Winter Sports Call for Water Bottles
Even colder weather can leave you dehydrated if you're active
SATURDAY, Feb. 15, 2003 (HealthDayNews) -- When it comes to staying healthy this winter, keep two things in mind: hydration and hand washing.
Winter sports enthusiasts often overlook the need to stay hydrated because they don't have the sun as a constant reminder that they're losing water. However, even at a moderate pace in mild temperatures, the body can lose three to four liters of water during a two- to three-hour period of exercise, according to Oregon Health and Science University.
When taking off to ski or snow board, fill your water bottle with warm water (to keep it from freezing) or bring a thermos filled with your favorite soup. Take a few extra sips of your drink at lunch, but be sure to avoid caffeine and alcohol, which are diuretics and flush water out of your system. You might also consider investing in a tube-fed hydration system, which can be worn over or under a jacket and lets you take small sips throughout an activity.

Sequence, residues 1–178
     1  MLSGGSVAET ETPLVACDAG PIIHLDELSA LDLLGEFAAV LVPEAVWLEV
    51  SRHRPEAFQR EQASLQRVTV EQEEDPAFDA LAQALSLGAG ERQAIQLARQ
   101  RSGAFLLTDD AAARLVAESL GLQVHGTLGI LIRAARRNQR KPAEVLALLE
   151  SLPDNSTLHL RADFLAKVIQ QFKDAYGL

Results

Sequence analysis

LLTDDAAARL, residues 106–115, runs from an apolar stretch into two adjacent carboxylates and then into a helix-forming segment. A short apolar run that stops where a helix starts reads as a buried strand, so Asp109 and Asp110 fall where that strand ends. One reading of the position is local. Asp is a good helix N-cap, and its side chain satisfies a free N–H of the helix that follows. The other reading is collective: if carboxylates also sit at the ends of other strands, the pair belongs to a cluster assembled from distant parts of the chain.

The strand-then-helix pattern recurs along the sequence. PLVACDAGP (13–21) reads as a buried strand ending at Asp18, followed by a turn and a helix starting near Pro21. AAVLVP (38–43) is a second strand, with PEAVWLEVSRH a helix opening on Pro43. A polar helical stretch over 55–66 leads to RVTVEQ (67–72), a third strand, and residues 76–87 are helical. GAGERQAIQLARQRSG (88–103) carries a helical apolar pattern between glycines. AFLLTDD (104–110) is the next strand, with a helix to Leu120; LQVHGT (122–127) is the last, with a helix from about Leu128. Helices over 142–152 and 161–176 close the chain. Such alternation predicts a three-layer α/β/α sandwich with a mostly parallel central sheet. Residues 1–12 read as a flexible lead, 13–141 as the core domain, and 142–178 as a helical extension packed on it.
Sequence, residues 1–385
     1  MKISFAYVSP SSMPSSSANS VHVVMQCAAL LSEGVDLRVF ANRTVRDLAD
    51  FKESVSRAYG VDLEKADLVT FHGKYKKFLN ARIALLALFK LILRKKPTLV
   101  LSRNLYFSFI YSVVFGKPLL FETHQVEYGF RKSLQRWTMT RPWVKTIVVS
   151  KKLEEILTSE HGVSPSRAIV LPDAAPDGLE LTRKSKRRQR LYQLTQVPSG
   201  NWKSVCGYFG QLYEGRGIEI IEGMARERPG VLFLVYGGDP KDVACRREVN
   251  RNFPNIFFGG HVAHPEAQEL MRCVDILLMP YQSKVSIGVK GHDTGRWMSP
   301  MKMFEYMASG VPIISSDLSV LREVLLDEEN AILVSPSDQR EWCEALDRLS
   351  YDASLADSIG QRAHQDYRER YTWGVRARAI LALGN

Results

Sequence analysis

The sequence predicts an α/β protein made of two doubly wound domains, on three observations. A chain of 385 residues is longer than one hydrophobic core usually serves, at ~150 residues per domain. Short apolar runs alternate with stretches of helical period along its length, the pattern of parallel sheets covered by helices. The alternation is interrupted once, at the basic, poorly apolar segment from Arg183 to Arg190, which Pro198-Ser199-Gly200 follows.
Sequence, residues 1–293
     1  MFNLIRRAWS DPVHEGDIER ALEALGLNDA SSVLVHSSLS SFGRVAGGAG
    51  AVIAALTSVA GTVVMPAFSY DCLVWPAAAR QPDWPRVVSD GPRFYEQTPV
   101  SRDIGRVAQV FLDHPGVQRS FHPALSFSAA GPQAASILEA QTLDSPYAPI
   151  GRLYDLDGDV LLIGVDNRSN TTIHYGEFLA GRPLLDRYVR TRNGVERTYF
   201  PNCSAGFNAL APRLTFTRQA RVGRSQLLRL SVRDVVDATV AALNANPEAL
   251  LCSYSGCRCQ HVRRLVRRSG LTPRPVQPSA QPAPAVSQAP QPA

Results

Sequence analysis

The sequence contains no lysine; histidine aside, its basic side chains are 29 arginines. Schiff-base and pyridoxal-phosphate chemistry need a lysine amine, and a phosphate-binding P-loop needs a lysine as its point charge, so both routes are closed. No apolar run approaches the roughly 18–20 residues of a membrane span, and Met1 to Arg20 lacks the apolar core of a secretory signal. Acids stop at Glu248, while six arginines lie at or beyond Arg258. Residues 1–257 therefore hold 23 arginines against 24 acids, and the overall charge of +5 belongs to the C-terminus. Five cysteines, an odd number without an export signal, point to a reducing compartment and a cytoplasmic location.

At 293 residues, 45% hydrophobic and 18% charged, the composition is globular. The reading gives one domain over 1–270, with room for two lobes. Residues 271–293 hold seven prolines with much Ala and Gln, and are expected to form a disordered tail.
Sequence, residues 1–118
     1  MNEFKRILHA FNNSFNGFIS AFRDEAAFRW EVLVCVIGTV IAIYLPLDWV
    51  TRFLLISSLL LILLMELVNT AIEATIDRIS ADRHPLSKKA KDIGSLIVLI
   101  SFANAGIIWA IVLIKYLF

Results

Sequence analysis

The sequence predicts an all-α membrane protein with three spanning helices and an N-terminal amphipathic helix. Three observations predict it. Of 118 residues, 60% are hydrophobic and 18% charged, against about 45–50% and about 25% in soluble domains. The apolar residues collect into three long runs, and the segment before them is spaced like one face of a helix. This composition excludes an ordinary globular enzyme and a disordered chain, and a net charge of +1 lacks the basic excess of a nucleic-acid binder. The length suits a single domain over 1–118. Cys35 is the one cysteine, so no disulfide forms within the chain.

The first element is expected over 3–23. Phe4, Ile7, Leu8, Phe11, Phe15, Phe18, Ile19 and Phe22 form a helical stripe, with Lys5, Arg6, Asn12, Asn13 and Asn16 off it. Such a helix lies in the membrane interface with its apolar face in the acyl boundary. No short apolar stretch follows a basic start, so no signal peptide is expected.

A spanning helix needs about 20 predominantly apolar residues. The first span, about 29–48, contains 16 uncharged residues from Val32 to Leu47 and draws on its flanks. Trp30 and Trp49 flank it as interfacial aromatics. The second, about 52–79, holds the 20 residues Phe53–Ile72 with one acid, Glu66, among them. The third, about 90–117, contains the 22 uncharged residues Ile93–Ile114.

Another important winter safety measure is frequent and thorough hand washing to remove the tiny particles that, if allowed to get into your mouth, can make you sick. Done properly, hand washing is one of the most affective ways to prevent the spread of communicable disease -- not only the common cold but potentially serious diseases like hepatitis A, meningitis and infectious diarrhea.
Health professionals suggest you wet your hands, preferably with warm water, apply soap and rub them together for at least 10 seconds. Rinse thoroughly to remove all soap and use a paper towel to turn off the faucet. The more often you do this, the better chance you have of staying healthy this winter.
To get the message of hand washing and its value across to children, the U.S. Food and Drug Administration has this page..